My rating: 4 of 5 stars
Bored 1920s socialite Phryne Fisher—with a brain, a heart, and a social conscience—eschews the tiresome round of London parties for a life as a female detective. The case she accepts takes her to Melbourne, Australia, where evil apparently abounds.
The great Agatha Christie began Murder on the Links with an anecdote about a writer who, wanting to capture an editor’s attention, pens the opening line, ‘“Hell!” said the Duchess.’ Ms Greewood takes this advice to heart and starts her novel thus:
The glass in the French window shattered. The guests screamed. Over the general exclamation could be heard the shrill shriek of Madame St Clair, wife of the ambassador ‘Ciel! Mes bijoux!’
Taken in conjunction with the book’s title, you know you’re in for something that might have stepped straight from the Golden Age of Crime. There’s wee bit of sex that may feel a little foreign—as does Phryne’s automatic acceptance of the term “dairy” to describe what she would think of as a tea shop. I know what Ms Greenwood means because I grew up in New Zealand (as Phryne grew up in Australia), but when I read it, it was hard to rid my mind of Phryne and Dr MacMillan eating sandwiches in the company of milk cows.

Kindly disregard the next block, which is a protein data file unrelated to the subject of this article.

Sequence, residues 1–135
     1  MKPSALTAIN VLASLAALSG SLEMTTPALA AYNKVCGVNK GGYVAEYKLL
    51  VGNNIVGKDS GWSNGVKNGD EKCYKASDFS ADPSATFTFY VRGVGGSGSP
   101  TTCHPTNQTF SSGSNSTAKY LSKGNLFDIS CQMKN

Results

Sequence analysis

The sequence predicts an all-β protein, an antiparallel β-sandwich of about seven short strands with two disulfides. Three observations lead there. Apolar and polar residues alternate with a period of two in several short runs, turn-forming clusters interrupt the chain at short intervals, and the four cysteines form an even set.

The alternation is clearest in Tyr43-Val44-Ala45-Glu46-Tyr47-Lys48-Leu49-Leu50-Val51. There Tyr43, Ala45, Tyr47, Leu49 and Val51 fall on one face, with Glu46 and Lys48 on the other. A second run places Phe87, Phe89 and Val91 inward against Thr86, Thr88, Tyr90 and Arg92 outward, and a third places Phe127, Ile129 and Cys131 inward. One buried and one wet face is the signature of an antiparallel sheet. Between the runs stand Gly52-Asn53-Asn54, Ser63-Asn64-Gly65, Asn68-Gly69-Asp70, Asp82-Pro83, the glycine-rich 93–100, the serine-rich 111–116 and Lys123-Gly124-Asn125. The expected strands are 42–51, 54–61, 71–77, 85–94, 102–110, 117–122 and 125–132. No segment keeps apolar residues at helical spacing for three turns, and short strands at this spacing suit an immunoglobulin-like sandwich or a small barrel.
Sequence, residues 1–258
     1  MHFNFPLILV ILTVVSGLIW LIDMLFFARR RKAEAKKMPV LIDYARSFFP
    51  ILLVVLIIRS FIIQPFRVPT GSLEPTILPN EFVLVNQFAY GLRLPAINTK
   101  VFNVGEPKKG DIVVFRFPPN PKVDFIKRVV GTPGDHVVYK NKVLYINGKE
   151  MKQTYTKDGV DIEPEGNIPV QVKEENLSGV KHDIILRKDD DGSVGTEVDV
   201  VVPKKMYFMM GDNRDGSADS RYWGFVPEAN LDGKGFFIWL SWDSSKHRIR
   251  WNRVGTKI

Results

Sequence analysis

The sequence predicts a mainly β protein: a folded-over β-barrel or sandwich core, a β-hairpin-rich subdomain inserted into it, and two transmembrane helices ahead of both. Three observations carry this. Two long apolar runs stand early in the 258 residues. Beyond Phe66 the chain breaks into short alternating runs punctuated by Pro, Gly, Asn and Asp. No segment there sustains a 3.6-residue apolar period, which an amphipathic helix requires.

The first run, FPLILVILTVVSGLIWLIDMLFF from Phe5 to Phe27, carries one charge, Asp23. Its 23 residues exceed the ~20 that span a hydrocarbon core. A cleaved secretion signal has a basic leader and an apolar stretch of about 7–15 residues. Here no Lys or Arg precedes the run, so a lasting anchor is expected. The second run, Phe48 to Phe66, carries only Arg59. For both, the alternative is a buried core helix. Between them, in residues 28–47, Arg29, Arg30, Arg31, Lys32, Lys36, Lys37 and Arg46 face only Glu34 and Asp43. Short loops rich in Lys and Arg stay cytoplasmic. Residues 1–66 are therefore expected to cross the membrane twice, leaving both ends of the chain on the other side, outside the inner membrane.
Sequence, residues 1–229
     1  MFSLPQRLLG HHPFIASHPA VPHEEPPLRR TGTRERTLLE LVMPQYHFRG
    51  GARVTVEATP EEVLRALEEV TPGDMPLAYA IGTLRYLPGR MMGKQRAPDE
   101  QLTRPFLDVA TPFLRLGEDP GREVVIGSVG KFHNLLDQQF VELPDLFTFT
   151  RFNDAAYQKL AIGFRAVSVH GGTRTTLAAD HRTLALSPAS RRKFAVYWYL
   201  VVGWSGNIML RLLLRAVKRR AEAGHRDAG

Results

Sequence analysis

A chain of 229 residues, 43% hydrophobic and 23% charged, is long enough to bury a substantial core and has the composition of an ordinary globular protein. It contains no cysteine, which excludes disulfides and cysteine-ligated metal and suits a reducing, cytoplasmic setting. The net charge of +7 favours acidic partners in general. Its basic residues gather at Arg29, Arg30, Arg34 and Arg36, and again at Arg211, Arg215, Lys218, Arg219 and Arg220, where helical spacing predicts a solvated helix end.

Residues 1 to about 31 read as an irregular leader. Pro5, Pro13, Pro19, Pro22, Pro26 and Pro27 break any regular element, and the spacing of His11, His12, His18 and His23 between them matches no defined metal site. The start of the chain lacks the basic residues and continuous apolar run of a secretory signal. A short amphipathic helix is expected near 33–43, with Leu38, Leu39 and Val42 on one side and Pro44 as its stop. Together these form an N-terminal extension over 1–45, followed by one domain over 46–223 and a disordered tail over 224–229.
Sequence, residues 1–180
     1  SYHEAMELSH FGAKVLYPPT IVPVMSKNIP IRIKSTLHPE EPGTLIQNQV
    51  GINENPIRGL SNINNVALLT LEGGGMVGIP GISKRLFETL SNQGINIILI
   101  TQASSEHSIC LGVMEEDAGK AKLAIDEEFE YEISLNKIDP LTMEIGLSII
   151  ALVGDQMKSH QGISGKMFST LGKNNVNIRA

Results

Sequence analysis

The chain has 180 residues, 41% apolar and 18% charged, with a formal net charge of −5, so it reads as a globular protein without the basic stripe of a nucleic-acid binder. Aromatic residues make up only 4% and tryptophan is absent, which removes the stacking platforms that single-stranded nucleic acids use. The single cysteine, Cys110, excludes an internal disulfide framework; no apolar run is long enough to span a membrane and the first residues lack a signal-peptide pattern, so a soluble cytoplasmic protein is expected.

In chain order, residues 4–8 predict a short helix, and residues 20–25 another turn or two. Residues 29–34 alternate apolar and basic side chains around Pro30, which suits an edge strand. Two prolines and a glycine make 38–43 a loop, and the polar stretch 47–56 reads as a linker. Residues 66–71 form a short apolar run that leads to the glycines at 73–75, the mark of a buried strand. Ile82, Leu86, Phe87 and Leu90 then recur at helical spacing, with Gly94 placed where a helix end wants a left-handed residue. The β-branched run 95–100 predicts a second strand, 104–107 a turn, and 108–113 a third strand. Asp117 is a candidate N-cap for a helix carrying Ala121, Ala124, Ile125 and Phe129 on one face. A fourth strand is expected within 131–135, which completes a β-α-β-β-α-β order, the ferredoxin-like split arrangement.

The characters are delightful, the story cracks on apace, and there’s a good sense of history about it. What’s not to like? But that’s just my humble opinion…what’s yours? Do let me know what you think.
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